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Month: February 2012

Review: T-RackS Black 76 and White 2A

Earlier this month I reviewed T-RackS 3 Deluxe. This review is for the two newest (already a year old) additions to T-RackS. The Black 76 and White 2A are modelled on classic hardware units that have been around for decades and are some of the most used mixing tools used in professional audio production.

There’s still some time left for the T-Racks Double Deal group-buy, the deals has even been sweetened with a freebie at 1000 users and 2000.

Black 76
The T-RackS Black 76 is an analog modelled recreation of the classic Urei 1176 Peak Limiter. Introduced in 1968, it was the first true peak limiter with all solid-state circuitry. The 1176 is not often used for mastering but is an essential tool for modern pop and rock production, that works on just about any source. It’s a timeless piece of audio hardware with a distinctive sound, especially when pushed hard.

Hardware 1176’s are not cheap, especially vintage ones in good condition. Luckily there are half a dozen software versions that do the 1176 mojo very well, plus you can use as many as you want, use them in stereo and without any noise.

The attack time ranges from about 20microseconds to 800 microseconds, significantly faster than most dynamics processors, even modern designs. Release time is adjustable from 50 to 1,100 ms. Ratios are selectable on buttons for 4, 8, 12, and 20:1. An ALL mode is also available which is the same as pushing all the ratio buttons in on the hardware, resulting in a ratio between 12 and 20 with much more aggressive slope and overdriven sound.

There were 8 revisions of the 1176 design, the current Universal Audio Re-Issue hardware is based on the D and E models, T-RackS Black 76 is modelled on revision E.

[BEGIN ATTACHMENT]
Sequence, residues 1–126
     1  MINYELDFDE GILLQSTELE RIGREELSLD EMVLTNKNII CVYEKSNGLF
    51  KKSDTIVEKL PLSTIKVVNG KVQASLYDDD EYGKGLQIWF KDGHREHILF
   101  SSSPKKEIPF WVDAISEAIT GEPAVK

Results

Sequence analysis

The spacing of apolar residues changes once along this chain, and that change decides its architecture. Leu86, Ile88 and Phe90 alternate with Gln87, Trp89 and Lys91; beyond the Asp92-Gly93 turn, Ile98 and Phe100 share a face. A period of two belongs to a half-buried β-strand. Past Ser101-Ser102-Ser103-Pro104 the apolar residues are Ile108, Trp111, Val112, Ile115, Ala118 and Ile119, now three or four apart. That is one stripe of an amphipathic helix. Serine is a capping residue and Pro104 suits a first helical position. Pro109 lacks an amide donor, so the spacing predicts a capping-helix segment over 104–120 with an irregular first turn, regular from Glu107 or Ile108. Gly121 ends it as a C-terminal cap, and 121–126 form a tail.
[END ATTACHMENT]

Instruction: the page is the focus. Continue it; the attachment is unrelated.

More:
T-RackS Black 76
T-RackS Black 76

Compared to the Waves CLA-76, overall I like the T-RackS Black 76 more, both for sonics and features. When I compared Waves to the two Universal Audio UAD versions, I preferred Waves by far. This is just my opinion, both the CLA76 and Black76 (and UAD versions) are great tools but the T-RackS does something I like a little more, and is really something else when used in MS.


Using Guitar Pedals For Mixing

Today I’m sharing something I’ve been doing a lot lately and can make mixing a lot of fun.

Electro-Harmonix Memory Boy
Electro-Harmonix Memory Boy analog delay pedal

Use guitar pedals for mixing

Plugins are great but its just not the same as running sounds through real analog circuits. You can send sounds out of your audio interface, tweak the pedal settings and even ‘play’ the pedal to do realtime automation. It can be a lot of fun to work this way.

For the demonstration I’ve recorded an electric guitar directly into my DAW with Amplitube for amp and cabinet simulation. I’m going to then run the signal through an Electro-Harmonix Memory Boy analog delay pedal.

Here is the sound of the direct guitar.

Direct Guitar
[audio:|titles=Direct Guitar]

Here is the guitar with the Amplitube 3 plugin added (stereo, amp+speaker+mic)

Guitar + Amplitube
[audio:|titles=Guitar + Amplitube]

Now I’m going to run the sound through the pedal. To do this in your home studio you need an audio interface
with a couple spare analog outputs, if your interface has 4 analog
outputs, that’s perfect.


Guest Post: How to Create a Duplication-Ready Master in Wavelab

This is a guest post from Samuel Allen of Extreme Studios in Perth, Australia. This article has been edited, the original can be found here.

This is a quick how-to for the technical aspects of preparing a master CD in Wavelab. This article does not explain audio processing techniques for mastering such as How to make a song louder in mastering, How to use Ozone for mastering, or How to use Multiband Compression.